— Chronicles of Strathearn • Various

... Portugal, and Carniola, and an inhabitant of woods and shady situations, flowers in March and April: in the autumn it puts forth trailing shoots, which take root at the joints, whereby the plant is most plentifully propagated; thrives best under a ...
— The Botanical Magazine, Vol. I - Or, Flower-Garden Displayed • William Curtis

... of the Union, the strengthening of the tie by use, the hallowing of old associations under the glamour of memory, and the growth of the new bonds of commerce and travel, the sense of a common country and destiny began to take root in the hearts of men, and on occasion disclosed itself with the strength and nobility of a heroic passion. True, a new rift was appearing, in the doctrine of nullification and the question of slavery, but this evoked at times a more militant and again ...
— The Negro and the Nation - A History of American Slavery and Enfranchisement • George S. Merriam

... reasons, the face was of more than commonplace interest to him. Years ago he had seen it by a roadside in the White Mountains, and often since he had thought of it until the thought had taken deep root in his mind and become one of the pleasant dreams of his life. But Fate had further spurred his curiosity by a series of mischances which had prevented his meeting this girl, though often in his travels his arrivals had followed close enough on her departures to permit his ...
— Destiny • Charles Neville Buck

... rising or setting sun, or other heavenly body, from the east or west point of the horizon; used mostly by navigators in finding the variation of the compass by the setting sun. In algebra, if a be a real positive quantity and o a root of unity, then a is the amplitude of the product ao. In elliptic integrals, the amplitude is the limit of integration when the integral is expressed in the form $int0^phisqrt{1-N^2sin^2phi}dphi$. The hyperbolic or Gudermannian amplitude of the quantity x is tan-1 (sinh x.) In mechanics, the ...
— Project Gutenberg Encyclopedia

... to understand. I remember so well the quiet motion of his large, firm but sweet mouth as he spoke, and the look of his great, earnest eyes—'A Radical,' he said, 'is one who wishes and tries to go to the root of every matter, and put all wrong things ...
— The Middy and the Moors - An Algerine Story • R.M. Ballantyne

... various passages of the Mahabharata. The fact is, the unification of infinite variety and its identification with the Supreme Soul is attainment of Brahma. One, therefore, that has attained to Brahma ceases to regard himself as separate from the rest of the universe. Selfishness, the root of sin and ...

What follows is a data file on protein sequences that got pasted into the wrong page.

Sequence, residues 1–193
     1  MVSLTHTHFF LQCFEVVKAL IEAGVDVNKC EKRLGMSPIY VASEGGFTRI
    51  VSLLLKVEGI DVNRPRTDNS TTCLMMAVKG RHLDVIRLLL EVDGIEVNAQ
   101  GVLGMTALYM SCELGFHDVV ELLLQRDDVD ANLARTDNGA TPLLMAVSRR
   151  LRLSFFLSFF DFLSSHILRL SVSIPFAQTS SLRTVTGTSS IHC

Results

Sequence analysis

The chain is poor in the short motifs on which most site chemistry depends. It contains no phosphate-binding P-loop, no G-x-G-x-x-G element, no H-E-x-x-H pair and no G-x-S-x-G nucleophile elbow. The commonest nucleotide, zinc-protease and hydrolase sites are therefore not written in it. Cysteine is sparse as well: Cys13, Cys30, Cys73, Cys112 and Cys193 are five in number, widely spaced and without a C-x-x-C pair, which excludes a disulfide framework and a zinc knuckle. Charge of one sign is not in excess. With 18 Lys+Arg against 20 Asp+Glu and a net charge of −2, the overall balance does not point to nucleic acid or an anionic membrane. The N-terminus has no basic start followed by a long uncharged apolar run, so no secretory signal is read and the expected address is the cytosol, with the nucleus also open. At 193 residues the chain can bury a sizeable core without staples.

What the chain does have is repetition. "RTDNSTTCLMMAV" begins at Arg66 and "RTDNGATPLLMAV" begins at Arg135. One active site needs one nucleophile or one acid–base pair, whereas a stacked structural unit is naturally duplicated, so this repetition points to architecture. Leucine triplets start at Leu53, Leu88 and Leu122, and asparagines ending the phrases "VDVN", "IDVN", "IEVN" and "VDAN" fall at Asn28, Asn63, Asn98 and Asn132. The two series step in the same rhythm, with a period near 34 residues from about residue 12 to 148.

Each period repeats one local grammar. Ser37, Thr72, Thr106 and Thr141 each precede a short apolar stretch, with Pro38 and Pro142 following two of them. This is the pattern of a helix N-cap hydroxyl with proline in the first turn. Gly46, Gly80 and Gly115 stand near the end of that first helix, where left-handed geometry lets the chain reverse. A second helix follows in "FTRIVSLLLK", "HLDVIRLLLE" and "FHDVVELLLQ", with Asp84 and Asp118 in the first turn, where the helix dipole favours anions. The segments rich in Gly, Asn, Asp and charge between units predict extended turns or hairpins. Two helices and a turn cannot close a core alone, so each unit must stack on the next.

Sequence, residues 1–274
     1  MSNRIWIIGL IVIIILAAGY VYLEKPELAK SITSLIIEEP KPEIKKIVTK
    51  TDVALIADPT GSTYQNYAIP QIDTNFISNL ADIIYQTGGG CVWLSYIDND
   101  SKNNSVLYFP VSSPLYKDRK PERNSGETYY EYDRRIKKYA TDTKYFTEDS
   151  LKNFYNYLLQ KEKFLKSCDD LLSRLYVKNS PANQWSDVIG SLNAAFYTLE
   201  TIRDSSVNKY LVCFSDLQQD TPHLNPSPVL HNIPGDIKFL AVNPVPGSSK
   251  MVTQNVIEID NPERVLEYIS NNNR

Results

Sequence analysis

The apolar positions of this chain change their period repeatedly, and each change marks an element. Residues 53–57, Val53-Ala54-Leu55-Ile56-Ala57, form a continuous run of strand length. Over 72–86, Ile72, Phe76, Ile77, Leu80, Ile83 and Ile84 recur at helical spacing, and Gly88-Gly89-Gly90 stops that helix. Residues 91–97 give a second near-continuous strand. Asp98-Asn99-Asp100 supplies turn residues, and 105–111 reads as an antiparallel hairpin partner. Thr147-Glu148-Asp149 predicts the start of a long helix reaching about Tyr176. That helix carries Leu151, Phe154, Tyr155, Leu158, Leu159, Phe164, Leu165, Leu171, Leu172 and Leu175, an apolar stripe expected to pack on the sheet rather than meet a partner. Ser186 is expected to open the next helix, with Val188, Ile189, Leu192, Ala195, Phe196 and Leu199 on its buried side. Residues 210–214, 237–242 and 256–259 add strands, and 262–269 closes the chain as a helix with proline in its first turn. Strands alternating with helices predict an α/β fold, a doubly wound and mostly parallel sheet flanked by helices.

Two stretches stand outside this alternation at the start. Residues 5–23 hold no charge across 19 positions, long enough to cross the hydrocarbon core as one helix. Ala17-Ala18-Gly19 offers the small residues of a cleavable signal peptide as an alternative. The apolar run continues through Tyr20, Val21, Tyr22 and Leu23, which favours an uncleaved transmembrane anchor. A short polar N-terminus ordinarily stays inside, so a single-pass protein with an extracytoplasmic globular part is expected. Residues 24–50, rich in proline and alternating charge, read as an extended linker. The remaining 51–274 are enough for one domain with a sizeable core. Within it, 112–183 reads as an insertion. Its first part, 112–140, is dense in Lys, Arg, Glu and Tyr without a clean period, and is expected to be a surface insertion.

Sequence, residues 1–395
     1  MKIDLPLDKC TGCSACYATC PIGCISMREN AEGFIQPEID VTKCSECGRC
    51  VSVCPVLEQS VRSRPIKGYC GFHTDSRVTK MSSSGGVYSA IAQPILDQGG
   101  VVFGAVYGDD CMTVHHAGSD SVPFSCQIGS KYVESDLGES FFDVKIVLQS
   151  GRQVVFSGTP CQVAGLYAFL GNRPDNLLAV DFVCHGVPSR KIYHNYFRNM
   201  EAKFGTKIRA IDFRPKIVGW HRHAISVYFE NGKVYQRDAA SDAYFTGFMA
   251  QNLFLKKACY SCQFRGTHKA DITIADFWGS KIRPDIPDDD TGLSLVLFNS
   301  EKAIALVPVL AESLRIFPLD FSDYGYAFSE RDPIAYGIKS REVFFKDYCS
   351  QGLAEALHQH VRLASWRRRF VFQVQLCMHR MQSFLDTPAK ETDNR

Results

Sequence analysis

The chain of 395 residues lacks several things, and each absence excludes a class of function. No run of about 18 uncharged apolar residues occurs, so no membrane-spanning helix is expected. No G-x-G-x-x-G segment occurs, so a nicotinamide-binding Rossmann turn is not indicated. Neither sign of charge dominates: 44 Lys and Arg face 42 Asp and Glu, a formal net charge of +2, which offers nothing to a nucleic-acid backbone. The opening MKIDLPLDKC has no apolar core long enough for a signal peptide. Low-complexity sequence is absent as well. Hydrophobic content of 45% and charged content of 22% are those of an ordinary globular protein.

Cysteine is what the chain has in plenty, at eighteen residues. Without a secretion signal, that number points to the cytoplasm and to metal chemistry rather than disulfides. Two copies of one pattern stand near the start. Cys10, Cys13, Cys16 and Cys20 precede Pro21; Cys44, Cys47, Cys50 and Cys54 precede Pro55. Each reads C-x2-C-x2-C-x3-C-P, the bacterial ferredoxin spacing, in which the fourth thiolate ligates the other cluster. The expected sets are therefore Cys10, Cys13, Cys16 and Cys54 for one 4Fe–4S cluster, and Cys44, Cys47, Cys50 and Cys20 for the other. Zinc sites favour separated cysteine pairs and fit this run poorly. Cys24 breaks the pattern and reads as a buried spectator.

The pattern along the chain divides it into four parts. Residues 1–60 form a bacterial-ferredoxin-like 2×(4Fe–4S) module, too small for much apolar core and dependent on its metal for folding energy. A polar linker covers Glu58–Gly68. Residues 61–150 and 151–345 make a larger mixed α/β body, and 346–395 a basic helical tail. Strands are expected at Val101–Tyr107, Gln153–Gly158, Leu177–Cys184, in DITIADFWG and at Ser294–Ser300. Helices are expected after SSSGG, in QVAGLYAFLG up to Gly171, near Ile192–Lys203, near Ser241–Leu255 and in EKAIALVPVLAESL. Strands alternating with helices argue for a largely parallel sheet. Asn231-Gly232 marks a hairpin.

— The Mahabharata of Krishna-Dwaipayana Vyasa, Volume 3 - Books 8, 9, 10, 11 and 12 • Unknown

... to woman, to mothers, to wives, and to daughters, which disgrace our Statute Books? Laws which are not surpassed in cruelty and injustice by any slaveholding code in the United States; laws which strike at the root of the glorious doctrine for which our fathers fought and bled and died, "no taxation without representation"; laws which deny a right most sacredly observed by many of the monarchies of Europe—"the right of trial by a jury of one's own peers"; laws which trample on the holiest and most unselfish ...
— History of Woman Suffrage, Volume I • Elizabeth Cady Stanton, Susan B. Anthony, and Matilda Joslyn Gage

... Christianity had never been heard of here, by the absurd credulity one meets with in the best houses,—the multitude of good and evil spirits one hears of at every turn. I will blow them all to the winds presently. I will root out every superstition in a ...
— Feats on the Fiord - The third book in "The Playfellow" • Harriet Martineau

... sympathy is strongly with the Swiss radicals. They know what Catholicity is; they see, in some of their own valleys, the poverty, ignorance, misery, and bigotry it always brings in its train wherever it is triumphant; and they would root it out of their children's way at any price. I fear the end of the struggle will be, that some Catholic power will step in to crush the dangerously well-educated republics (very dangerous to such neighbours); but there is a spirit in the people, or I very ...
— The Letters of Charles Dickens - Vol. 1 (of 3), 1833-1856 • Charles Dickens

... recently burnt near the edge of the plain; but the further we got into it, the worse it became. At seven miles we came to stones, triodia, and mallee, a low eucalyptus of the gumtree family, growing generally in thick clumps from one root: its being rooted close together makes it difficult travelling to force one's way through. It grows about twenty feet high. The higher grade of eucalypts or gum-trees delight in water and a good soil, and nearly always line the banks of watercourses. The eucalypts ...
— Australia Twice Traversed, The Romance of Exploration • Ernest Giles

... Sir, well know the tempest raised against my work, and the source from whence they proceed. There is another sore not openly displayed, and which lies at the root of all this anger. It is that Hierocles massacres the Christians in the name of philosophy and liberty. Time will do me justice if my book deserves it, and you will greatly accelerate this judgment by publishing your articles, if you could be induced to modify ...
— Memoirs To Illustrate The History Of My Time - Volume 1 • Francois Pierre Guillaume Guizot

... also which I am now going to speak about is of the utmost importance. The schoolmasters we ought to select for our boys should be of blameless life, of pure character, and of great experience. For a good training is the source and root of gentlemanly behaviour. And just as farmers prop up their trees, so good schoolmasters prop up the young by good advice and suggestions, that they may become upright. How one must despise, therefore, ...